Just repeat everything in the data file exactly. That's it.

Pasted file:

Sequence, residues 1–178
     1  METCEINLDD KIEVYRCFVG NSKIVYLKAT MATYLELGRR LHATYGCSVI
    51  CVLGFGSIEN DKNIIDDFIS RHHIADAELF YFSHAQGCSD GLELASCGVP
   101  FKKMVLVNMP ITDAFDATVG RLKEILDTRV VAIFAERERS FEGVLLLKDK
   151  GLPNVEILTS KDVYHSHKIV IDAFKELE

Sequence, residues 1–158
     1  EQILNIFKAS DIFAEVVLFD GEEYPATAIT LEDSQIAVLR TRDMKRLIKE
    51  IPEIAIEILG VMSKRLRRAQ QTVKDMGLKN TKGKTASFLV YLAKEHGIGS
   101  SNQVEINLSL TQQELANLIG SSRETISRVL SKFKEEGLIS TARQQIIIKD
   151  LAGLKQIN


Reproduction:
Sequence, residues 1–178
     1  METCEINLDD KIEVYRCFVG NSKIVYLKAT MATYLELGRR LHATYGCSVI
    51  CVLGFGSIEN DKNIIDDFIS RHHIADAELF YFSHAQGCSD GLELASCGVP
   101  FKKMVLVNMP ITDAFDATVG RLKEILDTRV VAIFAERERS FEGVLLLKDK
   151  GLPNVEILTS KDVYHSHKIV IDAFKELE

Sequence, residues 1–158
     1  EQILNIFKAS DIFAEVVLFD GEEYPATAIT LEDSQIAVLR TRDMKRLIKE
    51  IPEIAIEILG VMSKRLRRAQ QTVKDMGLKN TKGKTASFLV YLAKEHGIGS
   101  SNQVEINLSL TQQELANLIG SSRETISRVL SKFKEEGLIS TARQQIIIKD
   151  LAGLKQIN